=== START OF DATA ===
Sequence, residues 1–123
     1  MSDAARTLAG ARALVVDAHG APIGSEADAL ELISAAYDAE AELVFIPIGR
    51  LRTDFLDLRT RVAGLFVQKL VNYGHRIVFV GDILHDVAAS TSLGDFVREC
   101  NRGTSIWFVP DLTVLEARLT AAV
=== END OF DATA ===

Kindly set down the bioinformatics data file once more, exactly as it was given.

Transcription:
Sequence, residues 1–123
     1  MSDAARTLAG ARALVVDAHG APIGSEADAL ELISAAYDAE AELVFIPIGR
    51  LRTDFLDLRT RVAGLFVQKL VNYGHRIVFV GDILHDVAAS TSLGDFVREC
   101  NRGTSIWFVP DLTVLEARLT AAV